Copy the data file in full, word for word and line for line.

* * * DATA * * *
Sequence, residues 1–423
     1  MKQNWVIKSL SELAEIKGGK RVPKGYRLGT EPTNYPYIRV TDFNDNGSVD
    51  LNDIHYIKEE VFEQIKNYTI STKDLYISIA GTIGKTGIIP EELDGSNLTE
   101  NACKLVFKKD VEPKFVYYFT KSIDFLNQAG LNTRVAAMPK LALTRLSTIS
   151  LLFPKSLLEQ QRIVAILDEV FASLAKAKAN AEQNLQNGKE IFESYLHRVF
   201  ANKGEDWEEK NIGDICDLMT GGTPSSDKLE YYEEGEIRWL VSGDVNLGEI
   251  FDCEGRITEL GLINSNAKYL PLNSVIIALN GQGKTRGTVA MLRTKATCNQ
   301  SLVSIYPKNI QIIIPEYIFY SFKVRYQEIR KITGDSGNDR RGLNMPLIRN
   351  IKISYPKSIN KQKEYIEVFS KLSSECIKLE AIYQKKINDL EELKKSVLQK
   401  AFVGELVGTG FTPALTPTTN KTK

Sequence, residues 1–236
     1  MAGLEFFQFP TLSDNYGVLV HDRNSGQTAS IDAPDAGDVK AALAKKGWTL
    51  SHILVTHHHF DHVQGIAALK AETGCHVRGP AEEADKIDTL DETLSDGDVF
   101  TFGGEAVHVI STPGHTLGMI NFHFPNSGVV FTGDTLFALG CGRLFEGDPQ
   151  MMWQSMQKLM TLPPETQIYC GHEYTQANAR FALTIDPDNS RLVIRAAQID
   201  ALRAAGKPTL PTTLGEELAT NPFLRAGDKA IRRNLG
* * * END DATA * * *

Sequence, residues 1–423
     1  MKQNWVIKSL SELAEIKGGK RVPKGYRLGT EPTNYPYIRV TDFNDNGSVD
    51  LNDIHYIKEE VFEQIKNYTI STKDLYISIA GTIGKTGIIP EELDGSNLTE
   101  NACKLVFKKD VEPKFVYYFT KSIDFLNQAG LNTRVAAMPK LALTRLSTIS
   151  LLFPKSLLEQ QRIVAILDEV FASLAKAKAN AEQNLQNGKE IFESYLHRVF
   201  ANKGEDWEEK NIGDICDLMT GGTPSSDKLE YYEEGEIRWL VSGDVNLGEI
   251  FDCEGRITEL GLINSNAKYL PLNSVIIALN GQGKTRGTVA MLRTKATCNQ
   301  SLVSIYPKNI QIIIPEYIFY SFKVRYQEIR KITGDSGNDR RGLNMPLIRN
   351  IKISYPKSIN KQKEYIEVFS KLSSECIKLE AIYQKKINDL EELKKSVLQK
   401  AFVGELVGTG FTPALTPTTN KTK

Sequence, residues 1–236
     1  MAGLEFFQFP TLSDNYGVLV HDRNSGQTAS IDAPDAGDVK AALAKKGWTL
    51  SHILVTHHHF DHVQGIAALK AETGCHVRGP AEEADKIDTL DETLSDGDVF
   101  TFGGEAVHVI STPGHTLGMI NFHFPNSGVV FTGDTLFALG CGRLFEGDPQ
   151  MMWQSMQKLM TLPPETQIYC GHEYTQANAR FALTIDPDNS RLVIRAAQID
   201  ALRAAGKPTL PTTLGEELAT NPFLRAGDKA IRRNLG